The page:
Digital Currency

Why in news?
  • The Reserve Bank of India is planning to launch pilot projects to assess the feasibility of using digital currency to make wholesale and retail payments, thereby calibrating its strategy for introducing a full-scale central bank digital currency (CBDC).
  • It will have the same functionality as a fiat currency and will coexist with digital payment methods and .
  • Finance Ministry set up a high-level inter-ministerial committee that recommended the introduction of a Central Bank Digital Currency (CBDC).
  • This would require changes to the legal framework, including changing the RBI Act.
What is CBDC?
  • Central Bank Digital Currency (CBDC) represents the legal tender and liability of a nation's central bank in the form of digital currency.
  • Generally, it is denominated in a sovereign currency and appears on the central bank balance sheet.
  • A CBDC is a digital currency that can be converted/exchanged into cash or traditional central bank deposits at par.
  • The underlying technology and form can be based on specific needs of the people.
  • Many countries are examining the potential benefits that digital currencies would bring to financial inclusion, economic growth, technology, innovation, and increased transaction efficiency.
  • Some countries have already rolled out their national digital currency, such as,
  • Sweden – krona 2) Bahamas – sand dollar  3) China- e-RMB How is it different from private virtual currencies?
  • Private virtual currencies are not issued or regulated by any central authority nor do they have any intrinsic value.
  • Further they cannot be converted to sovereign currency at par.
Benefits of CBDC:
  • Interbank settlement: Interbank settlement would no longer be necessary since this liability would be handled by the central bank.
  • Efficient transactions: Currency in digital form, it can make financial transactions more efficient.
  • Reduce costs: Due to its high currency-to-GDP ratio, it can significantly reduce the printing, transporting, and storing of paper currency.
  • Trade settlements: Trade settlements will be made on a real time basis and their costs could be reduced as no intermediary will be involved.
  • Currency management: Reduce the cost of currency management and allow real-time payments without interbank settlement.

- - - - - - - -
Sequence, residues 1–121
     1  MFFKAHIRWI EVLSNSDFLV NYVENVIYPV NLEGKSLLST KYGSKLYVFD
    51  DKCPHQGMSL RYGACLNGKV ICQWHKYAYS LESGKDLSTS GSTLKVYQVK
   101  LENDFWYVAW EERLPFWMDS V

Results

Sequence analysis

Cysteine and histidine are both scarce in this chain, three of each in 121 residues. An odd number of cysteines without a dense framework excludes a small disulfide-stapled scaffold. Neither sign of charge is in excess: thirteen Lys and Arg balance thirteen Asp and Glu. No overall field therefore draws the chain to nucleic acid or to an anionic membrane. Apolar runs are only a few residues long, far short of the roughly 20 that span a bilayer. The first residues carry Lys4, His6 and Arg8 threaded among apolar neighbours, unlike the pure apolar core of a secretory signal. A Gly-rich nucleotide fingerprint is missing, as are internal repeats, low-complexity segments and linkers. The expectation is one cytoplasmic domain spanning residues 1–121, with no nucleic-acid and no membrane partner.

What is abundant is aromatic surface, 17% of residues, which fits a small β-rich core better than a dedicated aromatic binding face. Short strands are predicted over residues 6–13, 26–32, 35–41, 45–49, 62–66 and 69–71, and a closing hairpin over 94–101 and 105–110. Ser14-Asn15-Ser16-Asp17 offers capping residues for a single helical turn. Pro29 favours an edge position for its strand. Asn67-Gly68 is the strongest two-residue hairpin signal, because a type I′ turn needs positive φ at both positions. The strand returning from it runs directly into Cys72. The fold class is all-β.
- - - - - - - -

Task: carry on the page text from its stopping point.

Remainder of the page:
• Tracking: the central bank could keep track of each currency unit precisely.
  • Criminal activities, such as terror funding, money laundering, and so forth, can easily be spotted and ended.
  • Other digital currencies and cryptocurrencies: It will encourage people to use the national digital currency instead of other private digital currencies and cryptocurrencies. This will avoid speculation and volatility and increase confidence of investors and consumers.
  • Reduce dependence on bank deposits: This will reduce dependence on bank deposits and consequently reduce government expenses on insuring bank deposits.  
Challenges:
  • Amendments to laws: Reserve Bank of India Act deals with currency in a physical form. Therefore, changes may be required by the law. The Coinage Act, Foreign Exchange Management Act (FEMA) and Information Technology Act would also need to be amended as a result.
  • Cyber security: In India, there are already many cyber security threats. With digital currency, cyber attacks could increase and threaten to steal data.
  • Digital Illiteracy: According to the Digital Empowerment Foundation report, 90% of the Indian population is digitally illiterate
  • Threat to privacy: In order for the digital currency to prove its holder's identity, it would need to collect certain details about the individual holding it.
  • Flight of money: Sudden money flight from banks under stress will be easier.
  • Cost of credit: Since bank deposits will become unpopular it will reduce the credit availability and therefore increase its cost.
  • Other challenges: There are also a number of challenges related to regulation, tracking investments and purchases, taxing individuals, etc.
Conclusion:
  • The introduction of a national digital currency will prevent various threats associated with the private-owned cryptos and will take India one step closer to being an effective digital economy. However, the government must create necessary safeguards before the implementation process can begin. Increasing digital literacy, ensuring high standards of cyber security and advancing technological preparedness must be ensured. Legal and operational aspects such as amendments to certain Acts, scope of CBDCs (retail vs wholesale payments), underlying tech (distributed ledger vs centralized ledger), validation mechanism, distribution architecture (through RBI or Banks), degree of anonymity etc. must be carefully considered.


Posted by Jawwad Kazi on 16th Jul 2021
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